Nature as Co-Therapist: An Intro to Ecotherapy for Act Clinicians
Over the last few months, I’ve been having a series of conversations with my colleagues Robyn Walser and Martin Wilks. We’ve been talking about Contextual Behavioral Science (CBS) and the environment. The focus of our conversations has been on psychological barriers to taking effective action to protect the planet. Martin also introduced his idea about adding ecological valuing to our work on values clarification with clients in Acceptance & Commitment Therapy (ACT).
In our last conversation, we explored how nature can be a resource for growth and healing as well. I recorded this 20-minute presentation to introduce ACT therapists to the field of ecopsychology. The basic concept is that our psychological distress is not simply the result of intrapsychic dynamics, but also of our ruptured connection with the natural world. After providing a theoretical overview, I raised some possibilities about how CBS perspectives could contribute to this conversation.
The full presentation is posted below. I hope this will spark conversation and inspire others in the CBS community to integrate nature-based practices into your work. Following the presentation, I had a discussion with Martin and Robyn about these ideas. These conversations are part of the Praxis Many Voices project, and I’ll post links as they become available. Special thanks to Jon Haug at Praxis Continuing Education and Training for recording and sharing the video file!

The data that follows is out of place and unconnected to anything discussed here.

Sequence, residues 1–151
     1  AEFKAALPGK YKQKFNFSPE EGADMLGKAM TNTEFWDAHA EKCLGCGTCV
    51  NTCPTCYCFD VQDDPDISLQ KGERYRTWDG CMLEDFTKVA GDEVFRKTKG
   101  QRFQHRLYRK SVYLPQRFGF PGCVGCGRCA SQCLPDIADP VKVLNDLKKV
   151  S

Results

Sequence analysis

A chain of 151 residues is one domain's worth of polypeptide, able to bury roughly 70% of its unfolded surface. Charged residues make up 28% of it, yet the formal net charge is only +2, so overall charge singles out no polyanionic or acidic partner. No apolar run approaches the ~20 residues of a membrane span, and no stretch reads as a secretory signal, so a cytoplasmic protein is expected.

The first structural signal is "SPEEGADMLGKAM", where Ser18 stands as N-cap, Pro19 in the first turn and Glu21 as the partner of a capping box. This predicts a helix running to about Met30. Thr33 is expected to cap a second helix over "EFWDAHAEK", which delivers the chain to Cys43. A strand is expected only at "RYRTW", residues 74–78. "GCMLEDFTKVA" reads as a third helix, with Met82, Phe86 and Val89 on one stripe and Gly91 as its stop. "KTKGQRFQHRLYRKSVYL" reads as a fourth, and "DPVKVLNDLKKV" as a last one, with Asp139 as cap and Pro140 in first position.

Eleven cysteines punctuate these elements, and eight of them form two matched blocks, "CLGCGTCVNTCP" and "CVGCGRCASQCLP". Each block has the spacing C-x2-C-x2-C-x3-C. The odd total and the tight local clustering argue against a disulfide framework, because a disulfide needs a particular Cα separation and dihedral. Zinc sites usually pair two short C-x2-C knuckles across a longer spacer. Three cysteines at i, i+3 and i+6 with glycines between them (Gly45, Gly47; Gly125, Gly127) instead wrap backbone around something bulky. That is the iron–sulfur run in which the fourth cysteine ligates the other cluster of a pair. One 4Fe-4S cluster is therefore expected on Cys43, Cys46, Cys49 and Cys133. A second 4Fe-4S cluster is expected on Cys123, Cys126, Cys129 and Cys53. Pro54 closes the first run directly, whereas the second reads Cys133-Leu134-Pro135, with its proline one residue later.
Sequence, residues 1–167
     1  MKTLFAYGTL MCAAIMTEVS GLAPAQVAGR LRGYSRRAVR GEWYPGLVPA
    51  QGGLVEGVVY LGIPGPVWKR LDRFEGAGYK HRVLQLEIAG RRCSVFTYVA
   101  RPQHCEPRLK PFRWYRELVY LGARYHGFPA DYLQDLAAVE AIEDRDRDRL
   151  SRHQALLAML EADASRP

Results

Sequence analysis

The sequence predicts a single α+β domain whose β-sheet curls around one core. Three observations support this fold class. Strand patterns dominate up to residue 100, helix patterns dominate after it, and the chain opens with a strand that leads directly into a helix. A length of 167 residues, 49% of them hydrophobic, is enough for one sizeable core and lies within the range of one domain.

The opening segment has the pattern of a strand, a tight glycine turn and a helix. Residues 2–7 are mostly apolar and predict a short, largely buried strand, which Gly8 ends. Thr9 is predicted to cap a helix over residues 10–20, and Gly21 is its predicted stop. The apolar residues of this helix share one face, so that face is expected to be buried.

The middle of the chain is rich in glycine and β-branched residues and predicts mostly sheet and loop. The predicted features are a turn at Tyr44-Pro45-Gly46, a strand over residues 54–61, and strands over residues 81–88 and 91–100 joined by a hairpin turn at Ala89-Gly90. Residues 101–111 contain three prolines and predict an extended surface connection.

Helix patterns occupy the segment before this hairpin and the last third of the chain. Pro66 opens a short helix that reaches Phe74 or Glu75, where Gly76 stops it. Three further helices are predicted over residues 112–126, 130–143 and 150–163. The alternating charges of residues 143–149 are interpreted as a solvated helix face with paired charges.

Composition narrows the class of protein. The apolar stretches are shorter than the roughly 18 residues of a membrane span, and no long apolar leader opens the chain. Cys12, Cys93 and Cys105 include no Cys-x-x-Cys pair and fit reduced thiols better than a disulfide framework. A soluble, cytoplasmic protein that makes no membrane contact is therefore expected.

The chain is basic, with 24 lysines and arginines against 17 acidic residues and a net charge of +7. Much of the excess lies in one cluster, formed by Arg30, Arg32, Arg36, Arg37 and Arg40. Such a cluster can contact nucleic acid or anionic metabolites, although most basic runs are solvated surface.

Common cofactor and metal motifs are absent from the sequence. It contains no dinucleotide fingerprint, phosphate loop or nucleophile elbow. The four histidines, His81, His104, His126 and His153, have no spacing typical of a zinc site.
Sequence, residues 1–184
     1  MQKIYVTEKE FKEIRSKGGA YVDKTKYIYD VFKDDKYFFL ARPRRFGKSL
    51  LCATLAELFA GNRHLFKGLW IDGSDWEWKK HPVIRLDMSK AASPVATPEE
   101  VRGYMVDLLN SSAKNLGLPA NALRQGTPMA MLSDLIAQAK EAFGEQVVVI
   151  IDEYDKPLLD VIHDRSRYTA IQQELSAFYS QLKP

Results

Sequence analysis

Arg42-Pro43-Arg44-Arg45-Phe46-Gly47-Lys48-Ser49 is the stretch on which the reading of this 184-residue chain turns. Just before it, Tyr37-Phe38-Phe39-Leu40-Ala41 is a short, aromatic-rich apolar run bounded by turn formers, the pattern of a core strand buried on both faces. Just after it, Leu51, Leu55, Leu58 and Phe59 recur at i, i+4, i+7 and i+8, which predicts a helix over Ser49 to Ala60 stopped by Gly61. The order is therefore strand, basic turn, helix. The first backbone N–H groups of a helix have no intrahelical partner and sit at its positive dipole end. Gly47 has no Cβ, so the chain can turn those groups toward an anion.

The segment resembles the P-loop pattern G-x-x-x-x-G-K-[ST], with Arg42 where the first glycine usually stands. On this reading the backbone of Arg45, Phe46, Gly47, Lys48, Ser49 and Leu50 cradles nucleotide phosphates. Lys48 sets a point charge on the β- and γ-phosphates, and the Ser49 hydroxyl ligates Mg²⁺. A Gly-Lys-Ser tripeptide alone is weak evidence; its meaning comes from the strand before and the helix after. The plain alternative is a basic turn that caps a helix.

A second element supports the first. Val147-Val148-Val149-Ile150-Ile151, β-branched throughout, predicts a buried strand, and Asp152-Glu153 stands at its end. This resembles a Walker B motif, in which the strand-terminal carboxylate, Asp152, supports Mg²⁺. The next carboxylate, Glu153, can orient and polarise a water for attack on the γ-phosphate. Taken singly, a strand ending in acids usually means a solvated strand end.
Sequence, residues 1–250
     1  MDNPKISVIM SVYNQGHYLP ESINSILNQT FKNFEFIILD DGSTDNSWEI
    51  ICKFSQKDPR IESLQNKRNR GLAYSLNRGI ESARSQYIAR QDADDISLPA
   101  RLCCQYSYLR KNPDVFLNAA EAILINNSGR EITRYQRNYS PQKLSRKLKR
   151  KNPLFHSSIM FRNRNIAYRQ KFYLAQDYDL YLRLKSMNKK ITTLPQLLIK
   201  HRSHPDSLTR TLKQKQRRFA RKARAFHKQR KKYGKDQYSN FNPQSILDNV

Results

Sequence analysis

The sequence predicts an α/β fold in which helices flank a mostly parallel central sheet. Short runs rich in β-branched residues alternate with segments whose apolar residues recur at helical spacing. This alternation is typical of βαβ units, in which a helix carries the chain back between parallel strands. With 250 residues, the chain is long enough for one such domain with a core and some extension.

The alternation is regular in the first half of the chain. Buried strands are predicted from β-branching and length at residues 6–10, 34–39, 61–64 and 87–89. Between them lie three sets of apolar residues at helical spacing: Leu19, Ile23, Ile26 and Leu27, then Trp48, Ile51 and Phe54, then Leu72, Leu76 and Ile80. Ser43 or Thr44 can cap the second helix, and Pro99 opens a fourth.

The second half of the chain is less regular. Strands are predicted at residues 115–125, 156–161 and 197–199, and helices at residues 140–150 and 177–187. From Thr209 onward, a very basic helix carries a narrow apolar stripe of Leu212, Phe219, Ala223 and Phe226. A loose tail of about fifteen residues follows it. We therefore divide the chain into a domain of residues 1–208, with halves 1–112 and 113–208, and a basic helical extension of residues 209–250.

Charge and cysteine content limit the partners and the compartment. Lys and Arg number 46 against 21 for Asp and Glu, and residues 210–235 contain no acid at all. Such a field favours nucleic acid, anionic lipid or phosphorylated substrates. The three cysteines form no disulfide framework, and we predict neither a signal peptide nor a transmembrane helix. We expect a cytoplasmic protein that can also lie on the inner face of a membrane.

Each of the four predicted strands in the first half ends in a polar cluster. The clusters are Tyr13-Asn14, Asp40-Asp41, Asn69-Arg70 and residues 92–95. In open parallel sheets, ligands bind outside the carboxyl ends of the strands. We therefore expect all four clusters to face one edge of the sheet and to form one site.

Special note: As I gave this presentation and wrote this post, California has been covered in smoke from the fires on both sides of the state. I’ve been having trouble with asthma and sinuses this week, and nearly all of my clients made the same complaint. It occurs to me that this is another expression of our relationship with nature: in our bodies, we are feeling the suffering of the forests that are burning. It literally makes it hard for us to breathe. With this post, I am sending blessings for an end to these fires and for safety and support to everyone who has been affected.
Kip Williams is a Licensed Marriage & Family Therapist (#93170) with private practice offices throughout the East Bay. He specializes in mindfulness-based therapy for LGBTQ+ clients, and he offers outdoor therapy sessions at Redwood Regional Park in Oakland. He is currently a PhD student in Psychology with a specialization in Consciousness, Spirituality, and Integrative Health at Saybrook University.